Plans to restore the grade II* listed subway at the top of Crystal Palace has been given approval by Bromley Council, allowing the restoration works to start later this year.

The subway owes its existence to the Crystal Palace and the arrival of a High-Level railway station next to the Palace. To get from the railway to the palace, if you were first class, there’s a grand subway under the road leading to your private entrance. After the palace burnt down, the station declined, closed and was demolished, leaving behind just the Victorian subway, which has been decaying ever since.

It’s now on the Heritage at Risk Register, but a campaign has been raising funds to restore it.

The restoration works will see the repair of the Victorian subway, including the rebuilding of existing walls, construction of new parapet walls, and replacing the roof that was lost in the years following the great fire of 1936. That plan has now been granted planning permission.

It can be described as being in three zones — three sets of grand staircases leading to the Palace above, a once glass-roofed atrium, and the famous brick subway itself.

A proposed new roof will be visible from Crystal Palace Parade, with the subway exterior being made from glass and stainless steel, and the gable enclosed with Corten steel. It is envisaged that the following restoration works, the subway will be removed from the Heritage at Risk Register.

The estimated £3.2m cost of restoring the subway follows successful grant allocations of £2.3m from the City of London Strategic Investment Pot and an additional £500k from Historic England. Contributions to the works are also coming from the Friends of Crystal Palace Subway.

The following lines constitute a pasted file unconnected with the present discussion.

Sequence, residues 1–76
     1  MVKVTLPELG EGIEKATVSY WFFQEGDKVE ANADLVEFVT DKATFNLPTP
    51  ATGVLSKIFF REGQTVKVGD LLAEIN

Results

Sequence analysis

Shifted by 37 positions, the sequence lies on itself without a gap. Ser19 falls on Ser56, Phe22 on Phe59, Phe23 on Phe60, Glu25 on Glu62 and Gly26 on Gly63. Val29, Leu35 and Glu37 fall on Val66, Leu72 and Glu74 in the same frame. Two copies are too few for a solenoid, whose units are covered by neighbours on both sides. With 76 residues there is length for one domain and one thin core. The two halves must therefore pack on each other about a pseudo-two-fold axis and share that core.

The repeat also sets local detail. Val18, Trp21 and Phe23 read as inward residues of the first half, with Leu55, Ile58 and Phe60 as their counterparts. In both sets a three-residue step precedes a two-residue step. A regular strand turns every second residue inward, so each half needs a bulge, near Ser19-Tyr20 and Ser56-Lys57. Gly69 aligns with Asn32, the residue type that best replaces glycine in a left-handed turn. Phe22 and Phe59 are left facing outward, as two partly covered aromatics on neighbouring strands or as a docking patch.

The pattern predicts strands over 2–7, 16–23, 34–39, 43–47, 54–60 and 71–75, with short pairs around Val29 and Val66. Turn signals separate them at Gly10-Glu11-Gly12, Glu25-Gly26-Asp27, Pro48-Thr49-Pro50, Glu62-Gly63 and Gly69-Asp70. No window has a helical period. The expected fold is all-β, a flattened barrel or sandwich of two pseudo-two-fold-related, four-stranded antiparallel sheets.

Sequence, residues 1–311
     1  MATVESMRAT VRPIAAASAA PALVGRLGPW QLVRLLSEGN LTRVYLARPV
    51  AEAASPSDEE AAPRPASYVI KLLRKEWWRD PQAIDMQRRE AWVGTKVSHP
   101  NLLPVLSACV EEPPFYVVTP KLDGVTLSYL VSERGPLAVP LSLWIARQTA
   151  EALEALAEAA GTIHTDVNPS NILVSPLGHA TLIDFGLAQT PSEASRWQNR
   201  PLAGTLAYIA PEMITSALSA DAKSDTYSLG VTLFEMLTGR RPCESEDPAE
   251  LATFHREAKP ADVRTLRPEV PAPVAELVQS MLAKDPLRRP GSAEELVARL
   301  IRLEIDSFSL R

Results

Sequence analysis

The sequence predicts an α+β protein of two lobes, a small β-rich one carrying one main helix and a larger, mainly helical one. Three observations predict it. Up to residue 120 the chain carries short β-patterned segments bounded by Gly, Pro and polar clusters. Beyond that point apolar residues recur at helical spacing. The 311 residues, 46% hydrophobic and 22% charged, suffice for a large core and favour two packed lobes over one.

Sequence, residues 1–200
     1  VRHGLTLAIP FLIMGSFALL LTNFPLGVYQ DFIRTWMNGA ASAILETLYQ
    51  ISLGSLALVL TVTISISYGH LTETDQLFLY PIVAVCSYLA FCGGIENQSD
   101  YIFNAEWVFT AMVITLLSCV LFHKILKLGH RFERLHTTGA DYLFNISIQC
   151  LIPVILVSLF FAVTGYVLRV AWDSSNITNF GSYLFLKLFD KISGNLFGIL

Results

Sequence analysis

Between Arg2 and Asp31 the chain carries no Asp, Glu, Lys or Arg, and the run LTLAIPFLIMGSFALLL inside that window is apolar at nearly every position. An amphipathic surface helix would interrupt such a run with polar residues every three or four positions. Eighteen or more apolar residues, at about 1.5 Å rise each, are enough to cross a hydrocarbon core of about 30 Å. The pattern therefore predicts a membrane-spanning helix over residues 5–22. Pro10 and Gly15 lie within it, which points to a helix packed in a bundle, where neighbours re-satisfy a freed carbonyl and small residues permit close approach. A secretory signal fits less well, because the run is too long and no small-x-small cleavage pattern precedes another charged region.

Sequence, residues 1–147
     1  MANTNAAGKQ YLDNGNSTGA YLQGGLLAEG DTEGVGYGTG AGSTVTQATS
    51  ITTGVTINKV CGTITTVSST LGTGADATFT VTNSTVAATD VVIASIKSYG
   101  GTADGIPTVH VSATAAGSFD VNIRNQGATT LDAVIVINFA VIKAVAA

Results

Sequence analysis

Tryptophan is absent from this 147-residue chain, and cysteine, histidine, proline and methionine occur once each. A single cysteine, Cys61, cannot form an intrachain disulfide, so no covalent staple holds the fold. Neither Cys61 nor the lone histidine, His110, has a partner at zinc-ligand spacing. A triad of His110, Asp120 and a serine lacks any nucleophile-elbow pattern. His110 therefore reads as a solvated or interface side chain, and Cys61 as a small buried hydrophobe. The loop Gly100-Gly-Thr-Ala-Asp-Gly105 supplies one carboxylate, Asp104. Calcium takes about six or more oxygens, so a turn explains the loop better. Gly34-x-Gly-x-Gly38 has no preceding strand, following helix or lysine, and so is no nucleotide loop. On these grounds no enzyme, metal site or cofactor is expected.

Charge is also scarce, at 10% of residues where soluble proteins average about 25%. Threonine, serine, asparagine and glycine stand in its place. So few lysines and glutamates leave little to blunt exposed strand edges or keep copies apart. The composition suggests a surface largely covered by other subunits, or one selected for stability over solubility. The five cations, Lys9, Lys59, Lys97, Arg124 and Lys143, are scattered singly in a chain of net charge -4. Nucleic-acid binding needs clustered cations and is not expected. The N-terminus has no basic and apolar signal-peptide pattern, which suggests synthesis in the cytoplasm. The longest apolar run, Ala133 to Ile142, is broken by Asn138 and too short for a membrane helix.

To date, survey work has been undertaken and the site has been cleared of vegetation. The clearance uncovered the remains of the subway’s south staircase that has been inaccessible since the early 1900s.

Works on the restoration will start later this year.

Although the subway’s future is still to be determined, it is envisaged that following restoration, the site will become a multi-functional space that will be accessible throughout much of the year. At present, no commercial proposals for the function of Subway have been established.

The subway straddles the boundary between Bromley and Southwark, and a separate application is pending at Southwark for their side of the site, which is a small open terrace on the side closest to the former railway station.

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5 comments
  1. John says:

    What a good idea, I think finding more places like this would encourage more people interested in Heritage projects.

  2. Chris Rogers says:

    Visited about 25 years ago when fascinated by that kind of thing and pre-internet, more or less. Disappointed to find it far smaller than the fanciful Victorian engraving that is usually used to illustrate it, but it is odd to look over the cutting the was once the station and is now a housing estate.

  3. Cllr Nicholas Bennett says:

    As Bromley Council’s Design and Heritage Champion I’m delighted that the restoration is finally going ahead. I have asked that the roof is made of very toughened glass as otherwise it will be in danger of vandalism as a result of it’s proximity to Crystal Palace Parade.

    In someways it is a pity the High Level branch was closed in 1954 and replaced by an extension of the 63 bus route but at the time the line was very underused. Today it might well have proved a useful alternative link to London as trains went into Blackfriars rather than Victoria as on the low level line.

  4. Lizebeth says:

    Hooray. Anything like this — historic, individual, different, user-friendly — must be saved if we stand any chance of saving London from glass box oblivion.

  5. les Drain says:

    I recall visiting the under-path around 1982 when it had been restored after being alerted by an article in the Sunday Times.
    At first it was open and one could gain access from both sides. Then due to Graffiti it was sealed off with a steel fence a few years later. The north side was only accessible if you were prepared to hop over the wall, clearly indicated by the later addition of a later bricking up of the entrance in the low wall on the parade, that lead to some stairs. One wonders if this investment in time and money will not have the same history?

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